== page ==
Peter went to Rome and was martyred there, Paul too, despite taking a different path.

The first to die was James, the elder of the two James Apostles, in 44, in Spain where he was spreading the Good News about a new way of thinking: there is no other, not even lepers; not even tax collectors; not even women!

Thomas, the doubter, the twin, took traveling money from the community and founded the Nestorian Church in modern day Iran near India.

And Mark, one of the 70 and namesake of this gospel, went to Alexandria Egypt where he too was martyred in 64 after founding the Coptic Church. Somewhere between 64 and 70, his Greek-speaking followers wrote the first addition of this gospel.

James the brother of Jesus was martyred in 62, in Jerusalem.

The curtains came down on this first church between 68 and 70 AD. After the first generation died or fled then died, some followers of Paul from the Greek East– Matthew, a former tax collector, and Luke, a physician, gained copies of what Mark’s scribe(s) wrote. Each added what those factions were thinking and saying about Jesus at around 90 AD. The Jewish Wars were still in full swing and these enclaves of early Christians were grateful to be outside Israel, though by no means safe.

Jerusalem was a smoldering ruin. For the next 200 years Christians would be thrown to lions and turned into street lamps by the Roman Empire. The Jewish conditions and psychology that led James and Mark’s followers to write had changed. After 70 AD, Christianity was in the hands of Greek speakers, Zoroastrians and philosophers, most with a low tolerance for Jews. By the time the Gospel attributed to John was written, anti-Semitism was ubiquitous and Jesus was thought of as more Greek than Jew, the Logos, the Alpha and Omega. 200 years of Persecutions turned Christian thinking into something else entirely. Then came Constantine. I’ll let Fr. Rohr explain what happened to Christianity when the persecutions stopped.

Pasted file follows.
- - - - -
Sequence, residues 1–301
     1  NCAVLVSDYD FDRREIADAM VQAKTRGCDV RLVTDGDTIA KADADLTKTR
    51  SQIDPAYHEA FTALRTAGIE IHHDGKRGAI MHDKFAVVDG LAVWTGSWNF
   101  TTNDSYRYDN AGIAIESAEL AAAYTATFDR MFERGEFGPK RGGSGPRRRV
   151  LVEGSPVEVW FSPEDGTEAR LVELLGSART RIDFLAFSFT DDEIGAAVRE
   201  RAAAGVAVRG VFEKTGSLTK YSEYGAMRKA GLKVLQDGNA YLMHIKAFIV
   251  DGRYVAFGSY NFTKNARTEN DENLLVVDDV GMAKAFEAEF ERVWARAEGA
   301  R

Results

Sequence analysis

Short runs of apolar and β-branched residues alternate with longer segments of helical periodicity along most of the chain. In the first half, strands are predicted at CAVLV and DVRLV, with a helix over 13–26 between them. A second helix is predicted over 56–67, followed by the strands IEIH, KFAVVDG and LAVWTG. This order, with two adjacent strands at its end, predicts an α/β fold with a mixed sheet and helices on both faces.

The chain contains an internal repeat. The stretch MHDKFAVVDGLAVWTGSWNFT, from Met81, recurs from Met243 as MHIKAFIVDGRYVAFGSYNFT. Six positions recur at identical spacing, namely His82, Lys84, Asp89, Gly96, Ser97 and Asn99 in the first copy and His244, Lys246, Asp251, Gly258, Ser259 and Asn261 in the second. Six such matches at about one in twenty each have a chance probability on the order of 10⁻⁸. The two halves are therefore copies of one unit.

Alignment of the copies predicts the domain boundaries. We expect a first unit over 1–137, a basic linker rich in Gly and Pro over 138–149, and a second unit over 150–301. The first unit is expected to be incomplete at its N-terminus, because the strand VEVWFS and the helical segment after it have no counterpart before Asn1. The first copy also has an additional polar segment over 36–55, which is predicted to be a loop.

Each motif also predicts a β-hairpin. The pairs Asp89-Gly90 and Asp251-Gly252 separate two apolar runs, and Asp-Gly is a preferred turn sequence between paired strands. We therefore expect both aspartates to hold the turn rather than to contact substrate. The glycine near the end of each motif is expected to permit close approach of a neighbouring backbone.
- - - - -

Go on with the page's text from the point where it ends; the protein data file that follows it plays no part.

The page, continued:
When the Christian church became the established religion of the empire, it started reading the Gospel from the position of maintaining power and social order instead of experiencing the profound power of powerlessness that Jesus revealed. In a sense, Christianity almost became a different religion!

The failing Roman Empire needed an emperor, and Jesus was used to fill the power gap. In effect, we Christians took Jesus out of the Trinity and made him into God on a throne. An imperial system needs law and order and clear belonging systems more than it wants mercy, meekness, or transformation. Much of Jesus’ teaching about simple living, nonviolence, inclusivity, and love of enemies became incomprehensible. Relationship—the shape of God as Trinity—was no longer as important. Christianity’s view of God changed: the Father became angry and distant, Jesus was reduced to an organizing principle, and for all practical and dynamic purposes, the Holy Spirit was forgotten.

Fifteen hundred years after James wrote his letter, Luther called it the “Epistle of Straw” because he couldn’t make it fit his shiny new narrative about Jesus. In his outsized arrogance, he couldn’t imagine being wrong, so James must be. James handed Martin string. Martin made a tangled web.

I see people dangling from the tangled webs of former Christianities all over the place, when the answer to following the teachings of the living Jesus hasn’t changed since Calvary.

Be honest with yourself. Be kind to others. Welcome the stranger and sojourner. Feed the hungry. Fight for the powerless. Be the hands and heart of God in the world. Give everything of yourself and you will know what it feels like to feel God inside you and all around you.

Do not spend your lives spinning webs of self-deception.

Rather, simply go and do likewise. Or as we like to put it…

Be the Church.

Thanks be to God.

Amen.

cjs